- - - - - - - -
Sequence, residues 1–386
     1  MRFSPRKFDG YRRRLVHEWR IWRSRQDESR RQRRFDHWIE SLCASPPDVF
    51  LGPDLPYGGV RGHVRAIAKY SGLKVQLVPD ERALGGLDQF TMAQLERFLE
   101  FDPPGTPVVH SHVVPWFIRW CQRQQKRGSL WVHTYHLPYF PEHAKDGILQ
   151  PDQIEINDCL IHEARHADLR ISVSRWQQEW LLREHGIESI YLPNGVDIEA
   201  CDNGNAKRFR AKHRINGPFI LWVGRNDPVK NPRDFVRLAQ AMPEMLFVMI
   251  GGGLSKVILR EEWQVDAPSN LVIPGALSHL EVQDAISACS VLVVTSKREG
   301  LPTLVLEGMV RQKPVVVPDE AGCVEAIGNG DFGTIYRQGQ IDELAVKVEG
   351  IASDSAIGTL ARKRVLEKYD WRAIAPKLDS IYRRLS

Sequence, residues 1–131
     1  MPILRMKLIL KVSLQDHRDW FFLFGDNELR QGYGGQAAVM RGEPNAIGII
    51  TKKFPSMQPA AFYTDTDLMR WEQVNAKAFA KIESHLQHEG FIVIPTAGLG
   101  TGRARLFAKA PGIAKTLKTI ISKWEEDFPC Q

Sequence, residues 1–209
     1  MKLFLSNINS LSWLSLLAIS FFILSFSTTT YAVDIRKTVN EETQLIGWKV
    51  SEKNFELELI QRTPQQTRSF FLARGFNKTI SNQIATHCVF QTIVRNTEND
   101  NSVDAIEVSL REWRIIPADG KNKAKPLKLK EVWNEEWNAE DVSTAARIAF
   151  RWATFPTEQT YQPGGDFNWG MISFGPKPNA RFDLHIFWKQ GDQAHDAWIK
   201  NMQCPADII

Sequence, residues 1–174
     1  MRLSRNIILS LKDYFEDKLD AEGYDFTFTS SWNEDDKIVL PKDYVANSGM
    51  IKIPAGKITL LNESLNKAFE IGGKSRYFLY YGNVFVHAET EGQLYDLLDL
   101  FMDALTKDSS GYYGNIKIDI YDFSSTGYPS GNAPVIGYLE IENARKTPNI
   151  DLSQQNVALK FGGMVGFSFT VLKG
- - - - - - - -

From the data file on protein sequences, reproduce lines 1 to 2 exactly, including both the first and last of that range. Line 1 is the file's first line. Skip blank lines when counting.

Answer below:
Sequence, residues 1–386
     1  MRFSPRKFDG YRRRLVHEWR IWRSRQDESR RQRRFDHWIE SLCASPPDVF